Following Clive Palmer’s win in the Supreme Court against Chinese-owned miner Citic Pacific last month, the director of Mineralogy has said the lack of appeal vindicated the result.
Clive Mensink said the Chinese miner’s case against Mineralogy over allegations of misappropriation of funds was “doomed to failure from the start”, with the result raising questions about why Citic, a Chinese-state owned company, had been allowed to waste the court’s time over baseless allegations.
It was alleged Palmer took more than $12 million from a fund set up to manage the port for the Sino Iron Ore project, and used the money to bankroll two companies involved with his political campaign.
“The appeal period has passed and we have not seen an appeal from Citic Limited which demonstrates they never thought they could win,” Mensink said.
“Citic Limited spent a fortune on lawyers and PR in an attempt to intimidate Clive Palmer and tied up the court’s valuable time, yet their case was doomed to failure from the start.
“They have brought Mr Palmer’s name into disrepute and just walked away.”
A confidential inquiry into Mineralogy’s use of funds from Citic said the conduct of Palmer and his confidants appeared “dishonest” and “fraudulent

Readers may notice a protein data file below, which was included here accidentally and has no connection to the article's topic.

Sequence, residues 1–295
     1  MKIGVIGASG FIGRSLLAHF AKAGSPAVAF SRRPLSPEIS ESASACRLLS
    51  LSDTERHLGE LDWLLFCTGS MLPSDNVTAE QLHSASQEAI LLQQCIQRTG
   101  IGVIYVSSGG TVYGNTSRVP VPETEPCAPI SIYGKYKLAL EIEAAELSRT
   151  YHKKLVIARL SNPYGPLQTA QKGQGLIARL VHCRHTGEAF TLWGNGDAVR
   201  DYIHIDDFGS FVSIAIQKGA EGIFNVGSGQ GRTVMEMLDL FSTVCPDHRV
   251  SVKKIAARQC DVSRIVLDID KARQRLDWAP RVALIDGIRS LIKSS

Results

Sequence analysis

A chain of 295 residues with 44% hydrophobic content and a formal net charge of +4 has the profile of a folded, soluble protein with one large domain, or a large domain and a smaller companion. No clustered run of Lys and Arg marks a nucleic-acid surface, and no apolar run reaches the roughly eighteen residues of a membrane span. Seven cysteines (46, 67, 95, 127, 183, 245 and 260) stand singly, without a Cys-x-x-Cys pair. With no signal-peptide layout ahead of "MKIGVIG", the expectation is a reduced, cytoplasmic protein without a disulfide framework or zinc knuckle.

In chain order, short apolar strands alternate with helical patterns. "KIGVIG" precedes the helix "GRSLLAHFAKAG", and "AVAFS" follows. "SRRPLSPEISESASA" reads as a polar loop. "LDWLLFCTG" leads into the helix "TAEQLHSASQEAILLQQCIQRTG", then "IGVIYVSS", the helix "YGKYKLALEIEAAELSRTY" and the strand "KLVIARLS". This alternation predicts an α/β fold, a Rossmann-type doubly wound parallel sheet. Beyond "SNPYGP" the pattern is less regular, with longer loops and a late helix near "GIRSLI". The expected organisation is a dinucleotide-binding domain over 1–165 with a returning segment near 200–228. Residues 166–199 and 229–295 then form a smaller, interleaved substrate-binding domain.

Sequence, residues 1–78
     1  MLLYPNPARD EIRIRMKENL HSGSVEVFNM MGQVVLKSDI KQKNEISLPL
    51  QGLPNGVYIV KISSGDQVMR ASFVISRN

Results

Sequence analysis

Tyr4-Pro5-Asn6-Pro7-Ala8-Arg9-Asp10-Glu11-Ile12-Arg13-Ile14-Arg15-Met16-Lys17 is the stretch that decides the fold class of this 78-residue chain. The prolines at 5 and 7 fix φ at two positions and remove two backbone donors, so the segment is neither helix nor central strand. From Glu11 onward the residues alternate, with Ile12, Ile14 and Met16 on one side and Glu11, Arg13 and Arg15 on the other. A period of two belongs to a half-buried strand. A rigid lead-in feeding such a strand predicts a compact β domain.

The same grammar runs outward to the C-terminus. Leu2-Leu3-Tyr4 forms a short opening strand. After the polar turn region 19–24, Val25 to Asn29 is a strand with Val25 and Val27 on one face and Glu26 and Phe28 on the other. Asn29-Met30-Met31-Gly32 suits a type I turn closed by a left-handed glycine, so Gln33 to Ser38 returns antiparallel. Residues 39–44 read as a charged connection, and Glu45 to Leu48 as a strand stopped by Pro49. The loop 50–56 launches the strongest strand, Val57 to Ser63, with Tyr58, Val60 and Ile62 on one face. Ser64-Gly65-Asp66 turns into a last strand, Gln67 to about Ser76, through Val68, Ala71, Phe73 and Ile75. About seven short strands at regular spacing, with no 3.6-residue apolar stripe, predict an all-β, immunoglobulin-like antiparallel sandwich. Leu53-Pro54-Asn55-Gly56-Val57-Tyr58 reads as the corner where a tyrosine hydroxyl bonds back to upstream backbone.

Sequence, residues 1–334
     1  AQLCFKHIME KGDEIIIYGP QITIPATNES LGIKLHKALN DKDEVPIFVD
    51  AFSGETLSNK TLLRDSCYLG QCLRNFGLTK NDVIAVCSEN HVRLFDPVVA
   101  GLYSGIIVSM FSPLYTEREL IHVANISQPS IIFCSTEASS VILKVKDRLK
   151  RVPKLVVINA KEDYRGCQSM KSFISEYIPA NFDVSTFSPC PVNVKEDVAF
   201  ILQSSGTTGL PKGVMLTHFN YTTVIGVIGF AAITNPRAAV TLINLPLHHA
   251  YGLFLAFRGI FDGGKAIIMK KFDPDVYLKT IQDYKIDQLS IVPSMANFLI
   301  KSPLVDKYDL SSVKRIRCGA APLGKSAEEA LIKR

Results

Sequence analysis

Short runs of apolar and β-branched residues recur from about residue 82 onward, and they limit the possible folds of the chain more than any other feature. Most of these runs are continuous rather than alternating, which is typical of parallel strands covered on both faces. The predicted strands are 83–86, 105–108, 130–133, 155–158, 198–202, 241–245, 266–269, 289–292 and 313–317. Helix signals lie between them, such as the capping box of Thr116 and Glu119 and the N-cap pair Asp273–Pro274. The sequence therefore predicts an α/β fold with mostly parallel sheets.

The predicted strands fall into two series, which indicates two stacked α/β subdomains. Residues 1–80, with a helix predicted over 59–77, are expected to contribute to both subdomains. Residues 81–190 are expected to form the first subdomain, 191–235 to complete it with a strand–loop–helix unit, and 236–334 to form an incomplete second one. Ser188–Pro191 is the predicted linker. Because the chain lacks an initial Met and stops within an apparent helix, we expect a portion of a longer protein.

The confidential judgement was produced in November 2014, and leaked to The Australian last week.
Former Supreme Court judge Richard Chesterman said it could not be accepted that the withdrawal of the Chinese funds were not for legitimate purposes under the deeds of the fund.
The recent Supreme Court finding hinged on the fact that there was not a formal legal “trust” by which Mineralogy held the funds in question.
However, Chesterman’s inquiry found that Mineralogy executives were forced to admit claims made for the funds were unjustifiable and appeared fraudulent.
In one instance Palmer signed a cheque drawing of $10 million which was then paid into a bank account for the company Cosmo Developments, an account controlled by Palmer which was opened one week earlier.
“The administrative fund was quite blatantly misused by (Mineralogy),” Chesterman said.
“Given the number and nature of the ‘mistakes’ and ‘oversights’ to which (he) confessed, it is difficult to see how the payments could, in truth, be regarded as the product of mistake.”
Last year Clive Palmer made a firebrand appearance on television in which he called “the Chinese” a number of names, and said they were trying to steal Australian resources, and later apologised for the comments.
Image: Courier Mail